The United Auto Workers union says that it has reached a tentative agreement with Ford Motor Co over what it calls a record new deal for its members.
The agreement includes a 25 per cent pay rise over the life of a 4.5-year contract with Ford and the elimination of lower pay tiers in some areas of the company.
The UAW said in a statement that the deal saw gains valued at four times larger than the last UAW contract in 2019.
The deal will now be put to local union members from around the country who sit on the UAW National Ford Council. They will travel to Detroit to ratify the deal and send it to members to vote on.
Those members were called off the picket lines on Wednesday and returned to work as the agreement goes through ratification.
Around 13,000 UAW members went on strike on 15 September, impacting Ford, General Motors and Stellantis, which owns Chrysler and Dodge. It was the first time the union had taken action against all three automakers at the same time.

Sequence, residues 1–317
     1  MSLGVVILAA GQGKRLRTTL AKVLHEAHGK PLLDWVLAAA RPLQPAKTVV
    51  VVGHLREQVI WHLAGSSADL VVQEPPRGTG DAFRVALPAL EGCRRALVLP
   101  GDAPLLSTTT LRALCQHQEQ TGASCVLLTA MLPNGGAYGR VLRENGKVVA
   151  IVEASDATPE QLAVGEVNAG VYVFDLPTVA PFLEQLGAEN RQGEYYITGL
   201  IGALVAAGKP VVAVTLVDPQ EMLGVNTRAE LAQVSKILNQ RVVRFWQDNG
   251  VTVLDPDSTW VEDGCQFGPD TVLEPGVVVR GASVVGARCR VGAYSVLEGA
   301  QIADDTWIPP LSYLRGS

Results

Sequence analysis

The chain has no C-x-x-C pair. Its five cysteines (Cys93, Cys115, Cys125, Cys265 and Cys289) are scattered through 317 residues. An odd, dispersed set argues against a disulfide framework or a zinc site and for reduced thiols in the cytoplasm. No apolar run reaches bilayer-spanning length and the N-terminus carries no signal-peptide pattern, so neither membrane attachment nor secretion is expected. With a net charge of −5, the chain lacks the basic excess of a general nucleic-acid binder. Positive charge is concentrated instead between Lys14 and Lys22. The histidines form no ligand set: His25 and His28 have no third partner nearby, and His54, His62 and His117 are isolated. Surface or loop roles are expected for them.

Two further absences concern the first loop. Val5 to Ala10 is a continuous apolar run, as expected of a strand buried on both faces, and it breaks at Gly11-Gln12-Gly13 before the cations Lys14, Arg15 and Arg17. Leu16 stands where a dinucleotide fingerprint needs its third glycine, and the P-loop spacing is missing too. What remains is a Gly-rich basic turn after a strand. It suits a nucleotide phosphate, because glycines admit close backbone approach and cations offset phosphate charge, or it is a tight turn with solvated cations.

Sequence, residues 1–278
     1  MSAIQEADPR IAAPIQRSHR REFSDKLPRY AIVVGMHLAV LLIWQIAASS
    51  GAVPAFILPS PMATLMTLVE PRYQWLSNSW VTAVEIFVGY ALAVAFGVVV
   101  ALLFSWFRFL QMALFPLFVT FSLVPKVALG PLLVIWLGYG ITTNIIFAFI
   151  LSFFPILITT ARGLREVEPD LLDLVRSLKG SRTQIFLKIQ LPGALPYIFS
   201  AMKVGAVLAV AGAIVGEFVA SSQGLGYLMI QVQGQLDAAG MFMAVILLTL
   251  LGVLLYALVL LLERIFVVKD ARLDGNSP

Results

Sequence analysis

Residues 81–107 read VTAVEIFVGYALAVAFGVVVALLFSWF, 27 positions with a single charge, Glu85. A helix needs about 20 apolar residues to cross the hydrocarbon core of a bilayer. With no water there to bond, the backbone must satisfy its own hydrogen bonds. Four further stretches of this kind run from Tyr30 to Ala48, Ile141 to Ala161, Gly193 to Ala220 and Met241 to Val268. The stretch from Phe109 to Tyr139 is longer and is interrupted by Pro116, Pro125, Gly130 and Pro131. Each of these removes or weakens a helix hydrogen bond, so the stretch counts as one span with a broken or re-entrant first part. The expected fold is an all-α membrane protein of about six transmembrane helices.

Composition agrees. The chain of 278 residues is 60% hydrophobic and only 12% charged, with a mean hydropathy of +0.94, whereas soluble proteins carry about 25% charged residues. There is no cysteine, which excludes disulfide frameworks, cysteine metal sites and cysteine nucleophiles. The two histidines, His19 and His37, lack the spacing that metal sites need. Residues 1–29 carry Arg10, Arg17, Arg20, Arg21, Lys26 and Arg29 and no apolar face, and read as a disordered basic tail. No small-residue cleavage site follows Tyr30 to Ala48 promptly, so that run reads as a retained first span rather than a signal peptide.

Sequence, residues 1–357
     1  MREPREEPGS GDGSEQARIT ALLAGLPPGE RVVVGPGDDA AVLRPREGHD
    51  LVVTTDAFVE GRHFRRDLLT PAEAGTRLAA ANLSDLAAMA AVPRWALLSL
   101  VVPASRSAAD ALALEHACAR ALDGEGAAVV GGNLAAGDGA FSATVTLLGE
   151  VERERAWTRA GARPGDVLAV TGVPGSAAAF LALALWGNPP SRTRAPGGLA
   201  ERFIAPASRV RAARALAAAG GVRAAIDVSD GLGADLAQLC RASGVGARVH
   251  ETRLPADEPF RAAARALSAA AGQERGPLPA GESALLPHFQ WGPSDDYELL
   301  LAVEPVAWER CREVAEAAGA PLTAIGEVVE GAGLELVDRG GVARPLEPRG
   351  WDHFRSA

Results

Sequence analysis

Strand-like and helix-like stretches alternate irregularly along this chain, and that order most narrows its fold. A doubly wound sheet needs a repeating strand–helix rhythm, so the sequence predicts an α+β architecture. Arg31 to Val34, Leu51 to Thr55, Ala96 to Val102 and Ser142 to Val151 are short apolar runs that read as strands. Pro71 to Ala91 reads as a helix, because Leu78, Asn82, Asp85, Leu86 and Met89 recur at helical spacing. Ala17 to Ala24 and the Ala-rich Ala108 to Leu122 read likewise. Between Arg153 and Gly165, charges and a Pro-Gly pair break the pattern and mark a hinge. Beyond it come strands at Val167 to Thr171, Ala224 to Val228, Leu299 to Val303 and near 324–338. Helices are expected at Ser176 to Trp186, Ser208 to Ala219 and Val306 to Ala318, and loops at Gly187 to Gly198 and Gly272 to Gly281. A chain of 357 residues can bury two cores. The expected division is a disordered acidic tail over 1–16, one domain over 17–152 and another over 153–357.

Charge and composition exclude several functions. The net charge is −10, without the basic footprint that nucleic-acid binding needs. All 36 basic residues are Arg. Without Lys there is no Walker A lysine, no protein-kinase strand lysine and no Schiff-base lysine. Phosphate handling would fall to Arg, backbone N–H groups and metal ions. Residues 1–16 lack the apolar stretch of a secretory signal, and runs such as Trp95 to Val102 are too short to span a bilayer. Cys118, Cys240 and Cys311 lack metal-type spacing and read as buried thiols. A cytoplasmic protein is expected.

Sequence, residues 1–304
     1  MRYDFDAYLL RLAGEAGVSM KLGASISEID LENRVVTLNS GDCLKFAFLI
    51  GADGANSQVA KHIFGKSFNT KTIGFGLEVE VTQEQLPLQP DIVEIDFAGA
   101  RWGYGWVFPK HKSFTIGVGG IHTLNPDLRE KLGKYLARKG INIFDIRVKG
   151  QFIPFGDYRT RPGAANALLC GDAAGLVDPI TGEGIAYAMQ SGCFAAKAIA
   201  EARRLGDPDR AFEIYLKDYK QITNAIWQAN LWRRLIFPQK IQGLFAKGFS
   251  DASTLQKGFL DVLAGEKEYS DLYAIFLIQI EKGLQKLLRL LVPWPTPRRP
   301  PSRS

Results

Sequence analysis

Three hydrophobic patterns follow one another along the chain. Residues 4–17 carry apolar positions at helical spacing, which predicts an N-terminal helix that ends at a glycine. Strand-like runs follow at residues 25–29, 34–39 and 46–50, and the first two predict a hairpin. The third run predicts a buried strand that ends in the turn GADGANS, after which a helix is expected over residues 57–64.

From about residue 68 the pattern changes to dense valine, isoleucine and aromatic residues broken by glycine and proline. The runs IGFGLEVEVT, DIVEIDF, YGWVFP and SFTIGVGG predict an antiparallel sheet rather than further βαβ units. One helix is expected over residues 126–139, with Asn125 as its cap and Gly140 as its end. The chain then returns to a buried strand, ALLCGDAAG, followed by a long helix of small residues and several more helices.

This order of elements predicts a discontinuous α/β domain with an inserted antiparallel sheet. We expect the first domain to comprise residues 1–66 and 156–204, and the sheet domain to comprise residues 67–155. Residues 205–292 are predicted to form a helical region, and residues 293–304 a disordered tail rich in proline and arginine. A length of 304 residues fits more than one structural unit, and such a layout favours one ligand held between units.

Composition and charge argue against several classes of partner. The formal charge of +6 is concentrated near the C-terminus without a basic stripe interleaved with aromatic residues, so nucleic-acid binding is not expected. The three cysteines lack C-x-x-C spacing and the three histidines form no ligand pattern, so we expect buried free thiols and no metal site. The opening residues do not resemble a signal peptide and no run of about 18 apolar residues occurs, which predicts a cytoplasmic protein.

Eventually, more than 40,000 workers joined the strikes, including at each of the company’s largest manufacturing sites.
Joe Biden also made history when he became the first sitting president to join a picket line when he met with UAW workers in Belleville, Michigan.
The strike was costing around $200m a week, according to GM.
Join our commenting forum
Join thought-provoking conversations, follow other Independent readers and see their replies